y_3 &= \lambda(x_1 - x_3) - y_1.
\end{align}
This may seem like an awful lot of constraints, but low-degree constraints have little bearing on performance, since they only need to be checked at a single challenge point.
### Exceptional cases
The affine formulae above assume $x_1 \ne x_2$. In the context of the Halo MSMs described earlier, a malicious prover could break this assumption simply by sending identical $L_j$ values in two consecutive rounds, so as a security measure we must verify that $x_1 \ne x_2$. We enforce this with the constraint $(x_1 - x_2) \mathrm{inv} = 1$.
For an honest prover, though, each $L_j$ is independently random since it incorperates a random group element $[l_j] H$. Since $P(x_1 = x_2) = 2^{-|F|}$ for an honest prover, we can simply abort the protocol in this case, incurring a negligible completeness error.
### Optimizations
In practice, we wouldn't want so many advice wires, as each wire requires the prover to compute a polynomial commitment and contributes to the argument length. $x_1$, $y_1$ and $\lambda$ can simply be inlined. Further, we can combine the accumulators $(x_2, y_2)$ and $(x_3, y_3)$ by constraining the accumulator wires of the "next" gate. Finally, our actual implementation uses a single gate to perform these curve operations while simultaneously verifying the decomposition of each scalar.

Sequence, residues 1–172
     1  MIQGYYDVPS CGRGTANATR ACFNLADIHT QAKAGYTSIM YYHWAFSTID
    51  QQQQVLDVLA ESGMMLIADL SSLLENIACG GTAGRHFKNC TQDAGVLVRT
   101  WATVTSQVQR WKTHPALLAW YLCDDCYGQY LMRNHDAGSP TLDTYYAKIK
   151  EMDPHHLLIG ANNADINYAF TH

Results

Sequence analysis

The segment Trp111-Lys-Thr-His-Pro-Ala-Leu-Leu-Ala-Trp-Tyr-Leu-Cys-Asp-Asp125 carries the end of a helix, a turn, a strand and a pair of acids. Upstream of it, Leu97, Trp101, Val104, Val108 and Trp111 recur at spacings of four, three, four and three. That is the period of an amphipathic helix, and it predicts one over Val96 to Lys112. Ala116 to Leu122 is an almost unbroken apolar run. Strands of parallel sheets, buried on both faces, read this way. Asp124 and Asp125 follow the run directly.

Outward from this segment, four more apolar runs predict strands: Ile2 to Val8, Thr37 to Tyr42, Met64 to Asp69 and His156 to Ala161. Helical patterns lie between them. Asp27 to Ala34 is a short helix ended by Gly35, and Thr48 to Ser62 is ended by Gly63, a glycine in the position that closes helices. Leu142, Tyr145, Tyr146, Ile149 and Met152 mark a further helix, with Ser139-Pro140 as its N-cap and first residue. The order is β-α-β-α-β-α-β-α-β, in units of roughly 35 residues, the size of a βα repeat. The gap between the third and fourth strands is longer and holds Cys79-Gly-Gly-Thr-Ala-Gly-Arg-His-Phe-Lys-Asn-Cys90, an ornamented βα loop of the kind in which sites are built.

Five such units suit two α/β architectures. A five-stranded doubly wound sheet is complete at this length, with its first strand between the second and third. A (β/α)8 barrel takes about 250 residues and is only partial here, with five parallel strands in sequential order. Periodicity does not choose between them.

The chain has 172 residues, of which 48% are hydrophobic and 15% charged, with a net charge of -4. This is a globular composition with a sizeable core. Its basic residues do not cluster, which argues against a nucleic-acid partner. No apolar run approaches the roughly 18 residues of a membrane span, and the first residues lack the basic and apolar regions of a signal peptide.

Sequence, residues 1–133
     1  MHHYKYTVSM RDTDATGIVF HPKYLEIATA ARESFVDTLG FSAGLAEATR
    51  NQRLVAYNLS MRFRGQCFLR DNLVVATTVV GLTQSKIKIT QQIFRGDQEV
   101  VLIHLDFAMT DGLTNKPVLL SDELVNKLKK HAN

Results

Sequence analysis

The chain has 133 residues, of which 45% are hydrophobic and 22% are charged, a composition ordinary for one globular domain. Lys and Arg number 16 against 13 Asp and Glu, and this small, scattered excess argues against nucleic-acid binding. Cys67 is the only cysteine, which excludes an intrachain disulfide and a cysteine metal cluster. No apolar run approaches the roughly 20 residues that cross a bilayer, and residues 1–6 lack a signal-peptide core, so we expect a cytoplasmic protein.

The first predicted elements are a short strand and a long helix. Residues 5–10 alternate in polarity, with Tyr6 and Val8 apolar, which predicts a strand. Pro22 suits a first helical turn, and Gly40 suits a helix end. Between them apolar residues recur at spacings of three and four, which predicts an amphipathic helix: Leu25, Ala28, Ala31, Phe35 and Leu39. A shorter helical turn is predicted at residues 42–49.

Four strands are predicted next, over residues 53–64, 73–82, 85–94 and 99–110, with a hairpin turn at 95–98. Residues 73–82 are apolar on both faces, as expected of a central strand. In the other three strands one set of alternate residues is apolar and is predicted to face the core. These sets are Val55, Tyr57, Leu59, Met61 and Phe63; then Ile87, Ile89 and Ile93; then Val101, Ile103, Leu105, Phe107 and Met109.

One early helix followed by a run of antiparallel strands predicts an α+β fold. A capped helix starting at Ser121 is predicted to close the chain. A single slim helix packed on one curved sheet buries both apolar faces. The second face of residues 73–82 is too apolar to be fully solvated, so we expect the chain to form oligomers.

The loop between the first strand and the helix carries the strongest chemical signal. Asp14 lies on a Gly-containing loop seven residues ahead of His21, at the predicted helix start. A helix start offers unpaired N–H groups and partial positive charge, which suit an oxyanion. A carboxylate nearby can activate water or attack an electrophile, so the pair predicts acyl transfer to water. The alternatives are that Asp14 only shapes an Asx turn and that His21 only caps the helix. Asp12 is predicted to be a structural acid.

## Rescue hashes
Let $M = \bigl( \begin{smallmatrix}A & B \\ C & D\end{smallmatrix}\bigr)$ be an MDS matrix. A single round of a width-2 Rescue permutation can be defined as
\begin{align}
\operatorname{step}_{i,1}\left(\begin{bmatrix}x_1 \\ x_2\end{bmatrix}\right) &= M \begin{bmatrix}x_1^{1/\alpha} \\ x_2^{1/\alpha}\end{bmatrix} + \begin{bmatrix}r_{i,1} \\ r_{i,2}\end{bmatrix}, \\
\operatorname{step}_{i,2}\left(\begin{bmatrix}x_1 \\ x_2\end{bmatrix}\right) &= M \begin{bmatrix}x_1^{\alpha} \\ x_2^{\alpha}\end{bmatrix} + \begin{bmatrix}r_{i,3} \\ r_{i,4}\end{bmatrix}, \\
\operatorname{round}_i &= \operatorname{step}_{i,2} \circ \operatorname{step}_{i,1},
\end{align}
where $r_{i, 1} \dots r_{i, 4}$ are random constants.
Computing $\alpha$th roots deterministically would be expensive, so we ask the prover to supply them via advice wires $y_1$ and $y_2$. Let $z_1$ and $z_2$ denote the output of the round function; then our gate may be defined as